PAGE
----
Australian Charities and Not-for-Profits Commission (ACNC) investigation: The Australian Charities and Not-for-Profits Commission (ACNC) launched an investigation into Rigpa in Australia in January 2018. On 4 June 2019 the ACNC wrote that Rigpa had complied with their requirements and that the investigation is now finalised.
This process is led by the Chairs of the boards of each Rigpa entity.
Rigpa Moving Towards a Federation (June 2018): Meeting Report
Spiritual Director of Lerab Ling appointed: Rigpa’s main retreat centre, Lerab Ling, was recognised as a religious congregation by the French Ministry of Interior in 2002. As a religious congregation it is required to have a spiritual director. In March 2019, Her Eminence Mindrolling Jetsün Khandro Rinpoche accepted to take on the role of acting Spiritual Director of the Rigpa Lerab Ling Congregation for an interim period, a role which has been vacant since the retirement of Sogyal Rinpoche in August 2017. The role of Spiritual Director of Lerab Ling applies only for Lerab Ling and not Rigpa as a whole. The spiritual guidance of Rigpa as a whole continues to offered by the Rigpa Vision Board together with the lamas who are spiritual advisors.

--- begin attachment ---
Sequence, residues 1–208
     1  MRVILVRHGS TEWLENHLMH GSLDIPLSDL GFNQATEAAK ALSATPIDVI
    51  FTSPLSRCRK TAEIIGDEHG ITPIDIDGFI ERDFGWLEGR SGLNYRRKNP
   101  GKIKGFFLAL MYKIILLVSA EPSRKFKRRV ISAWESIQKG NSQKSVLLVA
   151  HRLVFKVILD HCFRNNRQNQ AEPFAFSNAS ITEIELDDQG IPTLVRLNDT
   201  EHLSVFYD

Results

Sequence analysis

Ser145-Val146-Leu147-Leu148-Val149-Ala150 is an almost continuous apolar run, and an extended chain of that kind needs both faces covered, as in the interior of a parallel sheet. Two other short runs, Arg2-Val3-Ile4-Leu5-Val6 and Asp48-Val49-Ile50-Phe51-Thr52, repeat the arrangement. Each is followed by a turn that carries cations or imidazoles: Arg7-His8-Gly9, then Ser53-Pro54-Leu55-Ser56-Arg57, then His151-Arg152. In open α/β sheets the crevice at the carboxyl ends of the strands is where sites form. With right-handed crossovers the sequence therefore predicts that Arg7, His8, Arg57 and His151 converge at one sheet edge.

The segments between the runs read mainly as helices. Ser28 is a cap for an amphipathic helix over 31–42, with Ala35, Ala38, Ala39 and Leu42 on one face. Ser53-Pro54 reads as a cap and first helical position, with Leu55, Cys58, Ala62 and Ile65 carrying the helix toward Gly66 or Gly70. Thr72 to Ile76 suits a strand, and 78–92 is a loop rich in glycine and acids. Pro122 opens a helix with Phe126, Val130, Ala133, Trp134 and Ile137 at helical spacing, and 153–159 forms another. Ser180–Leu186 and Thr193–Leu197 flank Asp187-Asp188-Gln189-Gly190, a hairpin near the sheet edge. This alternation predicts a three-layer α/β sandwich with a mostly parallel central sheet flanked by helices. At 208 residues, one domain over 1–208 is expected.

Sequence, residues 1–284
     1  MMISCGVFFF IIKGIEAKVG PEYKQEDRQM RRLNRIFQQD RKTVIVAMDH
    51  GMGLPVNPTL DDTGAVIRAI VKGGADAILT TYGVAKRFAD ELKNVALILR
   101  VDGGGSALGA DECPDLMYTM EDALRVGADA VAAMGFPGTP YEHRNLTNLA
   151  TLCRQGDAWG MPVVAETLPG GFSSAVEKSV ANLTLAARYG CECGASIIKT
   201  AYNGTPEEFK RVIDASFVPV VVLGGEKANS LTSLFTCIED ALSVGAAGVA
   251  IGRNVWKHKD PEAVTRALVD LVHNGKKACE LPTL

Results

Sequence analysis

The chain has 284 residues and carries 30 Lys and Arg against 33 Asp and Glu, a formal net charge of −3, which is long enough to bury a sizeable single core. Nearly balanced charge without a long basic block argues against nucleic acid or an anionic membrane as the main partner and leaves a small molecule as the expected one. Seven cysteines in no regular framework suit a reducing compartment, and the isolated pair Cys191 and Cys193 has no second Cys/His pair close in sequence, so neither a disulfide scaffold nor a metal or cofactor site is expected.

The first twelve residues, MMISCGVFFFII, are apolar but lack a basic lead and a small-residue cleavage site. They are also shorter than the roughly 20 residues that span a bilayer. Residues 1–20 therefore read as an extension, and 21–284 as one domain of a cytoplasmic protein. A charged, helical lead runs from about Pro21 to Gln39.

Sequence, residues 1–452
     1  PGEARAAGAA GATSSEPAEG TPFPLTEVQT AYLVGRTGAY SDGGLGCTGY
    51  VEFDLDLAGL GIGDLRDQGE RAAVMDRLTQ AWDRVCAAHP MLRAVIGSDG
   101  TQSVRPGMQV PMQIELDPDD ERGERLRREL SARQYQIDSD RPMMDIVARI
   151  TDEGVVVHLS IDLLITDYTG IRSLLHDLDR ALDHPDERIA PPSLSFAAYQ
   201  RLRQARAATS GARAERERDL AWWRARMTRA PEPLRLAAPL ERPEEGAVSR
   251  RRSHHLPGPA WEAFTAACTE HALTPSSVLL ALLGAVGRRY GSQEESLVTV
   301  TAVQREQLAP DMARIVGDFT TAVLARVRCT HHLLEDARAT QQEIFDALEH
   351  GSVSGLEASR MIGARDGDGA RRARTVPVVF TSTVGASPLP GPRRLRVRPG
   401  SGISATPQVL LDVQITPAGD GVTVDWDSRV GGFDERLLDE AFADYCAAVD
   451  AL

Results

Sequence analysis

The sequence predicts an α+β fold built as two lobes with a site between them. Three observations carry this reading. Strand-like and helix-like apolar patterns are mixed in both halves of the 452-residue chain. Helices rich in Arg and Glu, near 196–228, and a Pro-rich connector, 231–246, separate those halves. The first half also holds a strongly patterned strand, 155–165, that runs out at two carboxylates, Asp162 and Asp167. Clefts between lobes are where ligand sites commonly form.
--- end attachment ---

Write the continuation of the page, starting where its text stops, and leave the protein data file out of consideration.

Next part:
Read more about Lerab Ling’s spiritual guidance and governance here.
December 2018 to March 2019 the Vision Board, using the process outlined in the Vision Board Charter, requested the senior members of the Rigpa sangha to nominate new members for the Vision Board.
New Vision Board members appointed: Three new members of the Vision Board were appointed in April 2019 - Philippe Cornu, and two youth advisors, Yara Vrolijks and Fian Löhr. Read more
Australian Charities and Not-for-Profits Commission (ACNC) investigation: On 4 June 2019 the ACNC wrote that Rigpa had complied with their requirements and that the investigation is now finalised. The ACNC had launched an investigation into Rigpa in Australia in January 2018. As a result Rigpa has worked to carry out their request to implement the recommendations of the Lewis Silkin Report, complete the policies required to more fully care for and safeguard students and the public, and continue the work of strengthening our governance.